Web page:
My standard response to this has become that someone else’s feelings about using an individual’s preferred pronouns aren’t the point of having preferred pronouns. When someone tells you it’s dehumanizing to be referred to as he or she, finding a way around calling them they is only going to draw attention to the fact that you see them as unworthy of the agency to dictate their own identity.
But the larger issue, as I’m reminded of by my experience around 5:15 AM in that greasy spoon, is that you need to use the right pronouns in order to protect the trans people you might know. Misgendering them, whether or not the “pass”, can either open them up to new scrutinies or confirm the suspicions of people nearby who might have something they want to say (or, worse, do) to communicate the fact that they’re offended by trans people’s existence.
It’s a weekday evening, and I’m wrapping up an individual therapy session. My shrink, an intern at a big LGBT center near my apartment, asks me to fill out some form recording my current state of mind with regards to anxiety and depression. We’re pushing against the end of our session, and my scheduled time must make me the last client of the night for the center’s behavioral health services because this isn’t the first time someone comes knocking to clear out our room.
My therapist answers it. I can’t see who’s outside the door while I’m circling Never, Sometimes, Often, or Always on the page.
But I hear my therapist say, “He’s just filling out that form–”
He catches himself, does that little shake of the head with squinty eyes you see people do when they know they’ve said the wrong thing. “She’s just–they’re just filling out that form,” he says. I can’t see the reaction of the person outside the door.
But I feel an intense and deep pain almost immediately. I almost laugh, but then I’m not sure that it’s actually laughter.
He closes the door slowly and sits back down in the chair across the room from me. I’m trying to finish the form, but he wants to talk about what just happened, wants to know what it’s like to have someone I trust, someone who’s dedicated himself to giving me a safe space, do something like that.
I try to brush it off, but he tells me not to minimize it. I’m definitely hurt, and I mumble something about how hard it is to have people expose their internal perceptions of you with slips like that. But it’s too raw for me to really analyze it now, especially because we’re out of time and I’m late for a meeting.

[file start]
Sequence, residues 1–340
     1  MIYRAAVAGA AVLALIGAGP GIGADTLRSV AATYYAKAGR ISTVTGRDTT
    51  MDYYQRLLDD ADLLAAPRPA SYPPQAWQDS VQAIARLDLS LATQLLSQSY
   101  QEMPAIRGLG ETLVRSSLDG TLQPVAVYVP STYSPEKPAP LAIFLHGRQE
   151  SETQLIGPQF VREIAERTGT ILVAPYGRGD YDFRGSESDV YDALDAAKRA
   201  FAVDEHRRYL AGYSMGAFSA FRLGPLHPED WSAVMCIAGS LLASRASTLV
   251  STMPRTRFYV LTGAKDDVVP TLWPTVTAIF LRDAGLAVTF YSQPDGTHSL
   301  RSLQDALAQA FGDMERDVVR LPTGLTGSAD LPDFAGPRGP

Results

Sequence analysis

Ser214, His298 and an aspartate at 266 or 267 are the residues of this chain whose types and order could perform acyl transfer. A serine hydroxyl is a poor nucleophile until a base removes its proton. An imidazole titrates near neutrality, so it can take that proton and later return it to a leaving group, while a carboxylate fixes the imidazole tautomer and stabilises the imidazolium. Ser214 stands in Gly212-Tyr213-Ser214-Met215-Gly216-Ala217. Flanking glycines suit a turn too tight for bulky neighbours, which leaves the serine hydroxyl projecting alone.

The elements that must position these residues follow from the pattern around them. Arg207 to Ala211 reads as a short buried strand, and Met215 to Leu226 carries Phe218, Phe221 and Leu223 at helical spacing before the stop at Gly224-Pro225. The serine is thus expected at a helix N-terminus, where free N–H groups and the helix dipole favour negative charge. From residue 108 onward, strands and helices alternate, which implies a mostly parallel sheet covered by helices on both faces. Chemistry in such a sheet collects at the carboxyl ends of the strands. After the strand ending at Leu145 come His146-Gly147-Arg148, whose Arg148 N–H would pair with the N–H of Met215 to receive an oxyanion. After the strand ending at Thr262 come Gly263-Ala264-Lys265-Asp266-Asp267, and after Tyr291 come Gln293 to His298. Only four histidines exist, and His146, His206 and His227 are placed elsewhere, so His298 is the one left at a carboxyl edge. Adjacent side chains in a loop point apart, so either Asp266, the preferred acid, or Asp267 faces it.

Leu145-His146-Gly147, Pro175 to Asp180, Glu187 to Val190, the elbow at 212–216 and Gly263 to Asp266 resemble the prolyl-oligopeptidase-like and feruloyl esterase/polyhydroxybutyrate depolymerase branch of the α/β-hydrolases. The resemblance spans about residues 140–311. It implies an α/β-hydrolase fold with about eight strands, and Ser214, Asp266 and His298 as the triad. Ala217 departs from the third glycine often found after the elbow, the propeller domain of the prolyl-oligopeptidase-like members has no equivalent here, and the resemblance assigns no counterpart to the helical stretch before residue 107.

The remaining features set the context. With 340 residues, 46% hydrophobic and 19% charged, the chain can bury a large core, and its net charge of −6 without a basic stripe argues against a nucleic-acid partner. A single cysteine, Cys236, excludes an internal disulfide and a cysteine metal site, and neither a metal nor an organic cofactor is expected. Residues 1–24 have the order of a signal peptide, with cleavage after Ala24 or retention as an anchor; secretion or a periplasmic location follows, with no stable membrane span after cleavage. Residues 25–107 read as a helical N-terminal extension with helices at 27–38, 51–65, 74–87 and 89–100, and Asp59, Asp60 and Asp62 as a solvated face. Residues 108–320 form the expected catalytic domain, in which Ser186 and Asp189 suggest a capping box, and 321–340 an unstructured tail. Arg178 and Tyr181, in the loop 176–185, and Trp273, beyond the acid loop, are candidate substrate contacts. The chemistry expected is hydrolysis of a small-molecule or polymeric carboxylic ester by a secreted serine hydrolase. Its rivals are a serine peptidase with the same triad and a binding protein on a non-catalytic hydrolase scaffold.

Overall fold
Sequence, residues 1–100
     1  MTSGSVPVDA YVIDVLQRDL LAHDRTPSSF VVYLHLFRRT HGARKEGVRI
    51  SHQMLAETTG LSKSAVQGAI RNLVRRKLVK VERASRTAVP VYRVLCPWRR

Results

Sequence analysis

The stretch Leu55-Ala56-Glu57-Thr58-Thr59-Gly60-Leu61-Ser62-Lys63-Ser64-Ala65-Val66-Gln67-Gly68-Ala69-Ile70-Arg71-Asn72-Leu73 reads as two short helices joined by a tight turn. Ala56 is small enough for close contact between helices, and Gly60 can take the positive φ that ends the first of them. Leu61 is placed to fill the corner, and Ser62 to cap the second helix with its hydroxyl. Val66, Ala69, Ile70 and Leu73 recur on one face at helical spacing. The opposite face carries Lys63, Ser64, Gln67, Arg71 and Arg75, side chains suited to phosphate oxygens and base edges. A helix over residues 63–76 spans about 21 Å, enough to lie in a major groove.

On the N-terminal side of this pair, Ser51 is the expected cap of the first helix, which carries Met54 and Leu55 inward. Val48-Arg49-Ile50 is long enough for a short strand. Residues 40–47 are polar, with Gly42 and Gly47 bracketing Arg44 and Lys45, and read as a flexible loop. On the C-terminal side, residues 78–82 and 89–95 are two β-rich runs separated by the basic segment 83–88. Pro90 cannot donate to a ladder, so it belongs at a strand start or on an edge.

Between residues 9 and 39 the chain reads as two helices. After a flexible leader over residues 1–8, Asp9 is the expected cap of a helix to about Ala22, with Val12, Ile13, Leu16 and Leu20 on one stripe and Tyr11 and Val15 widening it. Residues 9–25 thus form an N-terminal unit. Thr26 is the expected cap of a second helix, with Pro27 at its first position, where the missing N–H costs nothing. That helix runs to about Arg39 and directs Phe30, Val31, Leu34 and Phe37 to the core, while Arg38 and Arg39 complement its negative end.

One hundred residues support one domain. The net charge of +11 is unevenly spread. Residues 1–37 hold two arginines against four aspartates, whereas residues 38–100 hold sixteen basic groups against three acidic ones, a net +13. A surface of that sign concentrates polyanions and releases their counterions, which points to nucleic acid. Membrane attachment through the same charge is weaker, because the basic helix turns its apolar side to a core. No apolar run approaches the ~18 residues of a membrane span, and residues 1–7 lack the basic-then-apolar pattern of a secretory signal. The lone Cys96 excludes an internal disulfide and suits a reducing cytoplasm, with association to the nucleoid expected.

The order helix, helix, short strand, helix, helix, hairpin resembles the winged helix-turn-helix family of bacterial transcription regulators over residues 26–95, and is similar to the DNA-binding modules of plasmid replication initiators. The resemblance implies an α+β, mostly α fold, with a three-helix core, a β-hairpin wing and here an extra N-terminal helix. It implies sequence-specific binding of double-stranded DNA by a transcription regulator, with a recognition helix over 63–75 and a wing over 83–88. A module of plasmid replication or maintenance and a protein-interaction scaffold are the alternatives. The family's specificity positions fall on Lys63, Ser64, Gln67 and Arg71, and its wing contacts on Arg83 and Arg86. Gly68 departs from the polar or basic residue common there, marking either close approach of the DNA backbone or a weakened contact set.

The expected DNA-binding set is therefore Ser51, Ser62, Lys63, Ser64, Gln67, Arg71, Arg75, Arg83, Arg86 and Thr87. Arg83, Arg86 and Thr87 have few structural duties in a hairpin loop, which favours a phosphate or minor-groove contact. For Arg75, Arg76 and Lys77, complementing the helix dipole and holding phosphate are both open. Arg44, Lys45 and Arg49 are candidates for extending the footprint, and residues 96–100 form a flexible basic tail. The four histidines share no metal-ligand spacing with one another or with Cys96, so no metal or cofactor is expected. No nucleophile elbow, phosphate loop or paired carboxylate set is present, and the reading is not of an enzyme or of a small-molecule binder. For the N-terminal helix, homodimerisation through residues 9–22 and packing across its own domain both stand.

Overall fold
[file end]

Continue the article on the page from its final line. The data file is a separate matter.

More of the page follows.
We agree to talk about it next week.
I find it so telling that people will apologize, often profusely, for misgendering a dog but that misgendering a trans person seems to often illicit a reaction that distances the speaker from their culpability in the interaction. I get that, in these situations, the speaker doesn’t want it to be their fault that they got someone’s pronoun wrong. But the implication then becomes that it’s the fault of a trans person for making what’s supposed to be an easy linguistic short cut into something complicated. The sense is that I’m the one causing this pronoun trouble.
That’s why I put that Looney Tunes clip at the top of this post. I think, to put it simplistically, people often see trans people as the Bugs in that situation. That is, they view trans people as a wily rascal who is tricking them in order to get what they want. They feel that they’re Daffy and Elmer Fudd is their sense of what it means to be politically correct and that by confusing them about whether or not it’s duck season or rabbit season, I’ve made them a target of their own morality.
But the reality for me is that I feel I’m much more the Daffy in that situation. Bugs, with his quiet cool, is the systems of gendered society that confuse me. Like Daffy, I wish I felt like I could manipulate these systems to work for me instead of constantly feeling like the system is manipulating me. I wish I understood why people are so set on using gendered pronouns for people who are hurt by them, but my Bugs isn’t going to explain that to me.
And the Elmer Fudd to my Daffy is not my own sense of morality. He’s often a very real threat to my physical safety and/or my mental health. He may not be outright malicious, and he can often seem like the hapless dope that the real Elmer is. He’s a hunter, and he’s going to shoot something; he’s just trying to figure out what. So, like Daffy, I feel that I’m constantly harassed by an Elmer who feels some strange need to point a gun at something and will pull the trigger before he figures out what’s really in his crosshairs.
My work, at this point, is an attempt to avoid becoming the Daffy at the end of the clip. My hope is that, even after three shotgun blasts to the face, I can do something more than fake a laugh and grow bitter.